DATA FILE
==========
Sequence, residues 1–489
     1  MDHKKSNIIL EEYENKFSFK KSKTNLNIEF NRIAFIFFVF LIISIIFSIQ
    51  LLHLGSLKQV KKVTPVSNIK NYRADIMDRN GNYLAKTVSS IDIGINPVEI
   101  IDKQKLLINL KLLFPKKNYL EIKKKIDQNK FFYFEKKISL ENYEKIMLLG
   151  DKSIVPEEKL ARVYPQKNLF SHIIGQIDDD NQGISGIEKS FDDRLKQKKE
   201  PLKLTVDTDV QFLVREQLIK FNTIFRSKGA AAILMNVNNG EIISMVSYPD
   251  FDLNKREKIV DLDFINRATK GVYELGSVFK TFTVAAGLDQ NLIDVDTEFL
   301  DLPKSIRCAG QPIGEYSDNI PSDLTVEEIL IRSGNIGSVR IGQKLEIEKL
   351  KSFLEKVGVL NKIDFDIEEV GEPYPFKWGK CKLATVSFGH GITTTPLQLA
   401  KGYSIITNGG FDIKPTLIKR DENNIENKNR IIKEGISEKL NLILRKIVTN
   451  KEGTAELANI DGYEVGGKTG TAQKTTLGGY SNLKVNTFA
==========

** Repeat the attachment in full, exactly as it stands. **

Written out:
Sequence, residues 1–489
     1  MDHKKSNIIL EEYENKFSFK KSKTNLNIEF NRIAFIFFVF LIISIIFSIQ
    51  LLHLGSLKQV KKVTPVSNIK NYRADIMDRN GNYLAKTVSS IDIGINPVEI
   101  IDKQKLLINL KLLFPKKNYL EIKKKIDQNK FFYFEKKISL ENYEKIMLLG
   151  DKSIVPEEKL ARVYPQKNLF SHIIGQIDDD NQGISGIEKS FDDRLKQKKE
   201  PLKLTVDTDV QFLVREQLIK FNTIFRSKGA AAILMNVNNG EIISMVSYPD
   251  FDLNKREKIV DLDFINRATK GVYELGSVFK TFTVAAGLDQ NLIDVDTEFL
   301  DLPKSIRCAG QPIGEYSDNI PSDLTVEEIL IRSGNIGSVR IGQKLEIEKL
   351  KSFLEKVGVL NKIDFDIEEV GEPYPFKWGK CKLATVSFGH GITTTPLQLA
   401  KGYSIITNGG FDIKPTLIKR DENNIENKNR IIKEGISEKL NLILRKIVTN
   451  KEGTAELANI DGYEVGGKTG TAQKTTLGGY SNLKVNTFA